An 'official' diagnosis of navicular disease is rarely definitive, often swamped in the more vague generalization of navicular syndrome. Translation... something hurts in the caudal aspect of the foot but we're not sure what the specific problem is.

Quote:
I will attach photos, from day 1 of diagnosis through to about a couple of weeks ago. These are the front right, which was the worst originally, now the left is the worst...
What is it about barefoot trimmers that makes them think the distal wall is ornamental?

This thread could just have easily been titled "How to Transform the Horse Hoof into a Mule Hoof in 7 Natural Steps!".






Should licensing ever occur in the US, it would likely (hopefully) be modeled after the UK system of regulation. That said, the most likely exam criteria would be based on the current AFA farrier certification process.

It's fair to ask, how many practicing 'Natural Barefoot Trimmers' could pass that exam today?

I'd safely bet large sums of money that the answer is zero, zip and none.

Still, horse owners continue to engage these practitioners.

Barnum and Bailey were right.

Cheers,
Mark



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    06-18-2012, 10:19 PM
  #5
Showing
Quote:
Originally Posted by Horseman56    


What is it that makes you think there is anything "natural" about hoof boots?
Maybe this?

New Page 3

That's the direction my farrier and I are going in.
     
    06-19-2012, 07:17 PM
  #6
Trained
Tomorrow Dry Cow works great for thrush. Don't know if you can get that where you are. Don't know if you can get that over there.
     
    06-20-2012, 01:59 AM
  #7
Foal
I see a lot of bar covering over the sole of the hoof. Partial evidence of this is the appearance of the frog is being choked near the apex. Bars will cause navicular pain when they have been allowed to grow over the sole or embed themselves into the sole. I did not read through the entire thread but would imagine this is a problem for any discomfort this horse is having.

Something else that stands out to me about the trim is the medial toe pillar appears to be a bit tall causing separation in the white line.

I would also recommend White Lightning treatments without the use of adding water as per the manfacturers instructiosn and keep the hoof as dry as possible. You could follow up by sifting No Thrush into a diaper and placing the hoof in a Hoof Wrap or Deluxe Equine Slipper to keep them dry throughout the day.

Hope this helps,
Linda M
     
    06-20-2012, 11:15 AM
  #8
Foal
Quote:
Originally Posted by HoofMechanic    
I see a lot of bar covering over the sole of the hoof. Partial evidence of this is the appearance of the frog is being choked near the apex. Bars will cause navicular pain when they have been allowed to grow over the sole or embed themselves into the sole. I did not read through the entire thread but would imagine this is a problem for any discomfort this horse is having.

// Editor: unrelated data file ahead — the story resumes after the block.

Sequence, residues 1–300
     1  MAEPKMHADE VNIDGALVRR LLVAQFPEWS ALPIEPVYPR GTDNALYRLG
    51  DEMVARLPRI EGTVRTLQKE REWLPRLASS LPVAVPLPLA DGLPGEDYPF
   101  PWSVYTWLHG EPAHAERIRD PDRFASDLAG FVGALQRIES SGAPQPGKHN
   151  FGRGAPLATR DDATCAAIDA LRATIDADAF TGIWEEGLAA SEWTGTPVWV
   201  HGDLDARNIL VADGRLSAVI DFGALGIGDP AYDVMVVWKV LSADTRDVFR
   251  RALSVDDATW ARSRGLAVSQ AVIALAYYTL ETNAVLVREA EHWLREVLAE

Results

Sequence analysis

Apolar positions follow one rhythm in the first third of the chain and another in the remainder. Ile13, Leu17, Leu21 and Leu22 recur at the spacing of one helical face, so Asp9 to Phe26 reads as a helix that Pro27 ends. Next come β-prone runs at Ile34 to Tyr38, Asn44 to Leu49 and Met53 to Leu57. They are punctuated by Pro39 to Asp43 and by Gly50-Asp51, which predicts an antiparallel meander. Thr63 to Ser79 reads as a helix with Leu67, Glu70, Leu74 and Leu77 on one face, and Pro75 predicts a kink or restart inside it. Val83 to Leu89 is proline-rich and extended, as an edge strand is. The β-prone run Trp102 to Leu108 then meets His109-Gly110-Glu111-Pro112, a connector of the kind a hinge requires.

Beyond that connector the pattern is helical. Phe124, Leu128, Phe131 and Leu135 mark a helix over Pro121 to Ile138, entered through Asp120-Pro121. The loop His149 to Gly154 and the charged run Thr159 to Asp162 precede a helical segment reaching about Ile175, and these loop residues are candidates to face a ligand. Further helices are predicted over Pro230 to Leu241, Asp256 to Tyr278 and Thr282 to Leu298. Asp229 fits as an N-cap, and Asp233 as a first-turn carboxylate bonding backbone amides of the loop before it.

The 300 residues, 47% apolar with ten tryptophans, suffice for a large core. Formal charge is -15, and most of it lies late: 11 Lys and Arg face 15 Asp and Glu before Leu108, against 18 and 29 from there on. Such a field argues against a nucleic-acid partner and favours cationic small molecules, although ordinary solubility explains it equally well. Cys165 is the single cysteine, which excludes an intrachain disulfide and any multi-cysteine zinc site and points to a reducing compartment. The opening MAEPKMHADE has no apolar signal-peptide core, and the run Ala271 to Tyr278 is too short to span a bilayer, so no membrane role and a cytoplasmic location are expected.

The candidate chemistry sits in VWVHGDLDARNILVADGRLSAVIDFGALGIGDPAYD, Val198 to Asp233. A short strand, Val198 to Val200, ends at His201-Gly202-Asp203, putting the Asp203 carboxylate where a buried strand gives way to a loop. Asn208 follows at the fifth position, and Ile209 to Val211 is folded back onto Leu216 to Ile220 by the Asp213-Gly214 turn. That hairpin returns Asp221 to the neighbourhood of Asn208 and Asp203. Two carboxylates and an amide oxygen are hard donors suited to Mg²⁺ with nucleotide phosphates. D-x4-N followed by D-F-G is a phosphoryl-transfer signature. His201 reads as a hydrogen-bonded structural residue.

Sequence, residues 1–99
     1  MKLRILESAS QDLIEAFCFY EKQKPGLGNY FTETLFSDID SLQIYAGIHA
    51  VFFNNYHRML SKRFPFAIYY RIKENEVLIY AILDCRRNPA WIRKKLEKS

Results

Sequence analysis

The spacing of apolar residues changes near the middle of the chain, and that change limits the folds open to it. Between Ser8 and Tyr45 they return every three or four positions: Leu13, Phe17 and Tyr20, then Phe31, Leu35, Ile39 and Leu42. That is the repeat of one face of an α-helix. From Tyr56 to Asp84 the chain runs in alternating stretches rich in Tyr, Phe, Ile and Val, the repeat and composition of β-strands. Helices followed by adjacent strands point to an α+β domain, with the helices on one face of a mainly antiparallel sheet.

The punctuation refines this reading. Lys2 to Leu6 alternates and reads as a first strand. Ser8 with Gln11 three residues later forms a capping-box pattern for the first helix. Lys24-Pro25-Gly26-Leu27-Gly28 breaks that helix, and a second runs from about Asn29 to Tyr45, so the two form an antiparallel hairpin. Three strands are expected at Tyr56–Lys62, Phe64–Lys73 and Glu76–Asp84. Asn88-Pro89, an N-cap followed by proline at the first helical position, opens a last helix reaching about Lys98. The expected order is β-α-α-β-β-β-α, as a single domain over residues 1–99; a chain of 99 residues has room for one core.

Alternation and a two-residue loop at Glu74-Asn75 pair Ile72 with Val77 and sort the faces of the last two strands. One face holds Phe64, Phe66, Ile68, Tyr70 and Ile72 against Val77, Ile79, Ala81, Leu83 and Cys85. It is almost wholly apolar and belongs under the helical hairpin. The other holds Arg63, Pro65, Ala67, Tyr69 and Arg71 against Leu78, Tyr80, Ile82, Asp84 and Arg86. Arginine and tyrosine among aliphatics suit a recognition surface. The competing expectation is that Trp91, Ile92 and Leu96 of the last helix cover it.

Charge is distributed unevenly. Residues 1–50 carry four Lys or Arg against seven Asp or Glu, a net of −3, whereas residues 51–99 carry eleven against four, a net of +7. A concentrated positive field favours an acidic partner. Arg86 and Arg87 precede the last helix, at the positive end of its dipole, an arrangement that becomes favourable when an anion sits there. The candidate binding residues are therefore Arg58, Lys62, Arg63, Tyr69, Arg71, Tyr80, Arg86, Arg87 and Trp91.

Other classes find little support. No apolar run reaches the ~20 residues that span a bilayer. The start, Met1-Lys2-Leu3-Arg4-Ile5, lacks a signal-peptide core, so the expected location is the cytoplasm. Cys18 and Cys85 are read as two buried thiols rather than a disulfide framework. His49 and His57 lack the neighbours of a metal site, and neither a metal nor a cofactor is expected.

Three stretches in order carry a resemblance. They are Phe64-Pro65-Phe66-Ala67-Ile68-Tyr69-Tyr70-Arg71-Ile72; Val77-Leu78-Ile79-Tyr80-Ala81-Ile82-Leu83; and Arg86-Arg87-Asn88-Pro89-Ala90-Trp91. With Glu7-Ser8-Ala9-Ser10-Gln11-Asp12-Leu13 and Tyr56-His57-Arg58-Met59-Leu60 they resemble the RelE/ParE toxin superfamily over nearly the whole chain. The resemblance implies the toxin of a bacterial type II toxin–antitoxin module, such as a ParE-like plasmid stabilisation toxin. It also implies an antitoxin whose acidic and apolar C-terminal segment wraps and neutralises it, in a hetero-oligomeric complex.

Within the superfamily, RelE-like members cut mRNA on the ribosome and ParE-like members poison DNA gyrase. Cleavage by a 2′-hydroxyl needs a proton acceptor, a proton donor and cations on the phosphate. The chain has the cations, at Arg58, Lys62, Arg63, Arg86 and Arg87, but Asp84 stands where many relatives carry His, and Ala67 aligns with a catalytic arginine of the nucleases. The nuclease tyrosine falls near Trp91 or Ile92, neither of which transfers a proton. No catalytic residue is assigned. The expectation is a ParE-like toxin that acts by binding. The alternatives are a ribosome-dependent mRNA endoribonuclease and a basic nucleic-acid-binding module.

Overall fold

Something else that stands out to me about the trim is the medial toe pillar appears to be a bit tall causing separation in the white line.

I would also recommend White Lightning treatments without the use of adding water as per the manfacturers instructiosn and keep the hoof as dry as possible. You could follow up by sifting No Thrush into a diaper and placing the hoof in a Hoof Wrap or Deluxe Equine Slipper to keep them dry throughout the day.

Hope this helps,
Linda M
Can you explain how the bars of the foot would cause navicular pain ? Out of all the clinicians I've listened too and the vets I work for I have not heard the first one say the bars of the foot would cause navicular pain.
     
    06-20-2012, 12:57 PM
  #9
Weanling
Quote:
Originally Posted by Cotton    
Can you explain how the bars of the foot would cause navicular pain ?
It's a species differentiation Cotton.

Unlike the domestic horse, the South Florida Unicorn has no need for a digital cushion or DDFT. The bars are connected directly to the navicular bone and, much like the distal wall, serve only an ornamental function. Excess bar growth can occur when unicorns over-indulge in purple colored Skittles. On the rare occasion that a unicorn does experience Skittle induced, excess bar growth, that growth can indeed cause direct pressure on the navicular bone.

Treatment by certified hoof mechanics involve having a specially trained garden gnome hug the unicorn while members of the lollipop guild sing the theme song to "The Wizard of Oz".

Treatment is repeated every two weeks until the unicorn sheds a rainbow colored teardrop of relief.

Quote:
Out of all the clinicians I've listened too and the vets I work for I have not heard the first one say the bars of the foot would cause navicular pain.
Such practitioners are too imbued in the archaic dogma of anatomy, physiology and biomechanics. Their tunnel vision approach to science prevents them from understanding the natural beauty and holistic approach necessary to achieve universal harmony.

A true hoof mechanic has the ability to not only cure navicular disease with a trim and padded hoof boots, but, per this website New Page 3 ...

"This situation is where the boots and pads become truly magical. We make a horse owner cry big happy tears at almost every clinic we teach."

Vets and farriers are too pragmatic to make horse owners cry big happy tears.

Besides, what horse owner would ever believe that a modern farrier had even heard of the magic of barefoot trims, hoof boots and frog support?

These are brand new ideas that no one had ever thought of until old Pete's failure as a farrier turned him to the magic of barefoot trims, boots and most importantly, the power of internet marketing.



PegasusTV - In Celebration of the Horse - Burney Chapman and the Heart Bar Shoe

Anvil Brand Shoe Co. - Myron McLane Pads

Castle Plastics Specialty Pads

Cheers,
Mark
waresbear and Cotton like this.
     
    06-20-2012, 01:09 PM
  #10
Super Moderator
For clarification purposes, what exactly is the "distal wall"?
I've seen it brought up on a few different hoof threads and Google was of zero help in figuring out what/where it is...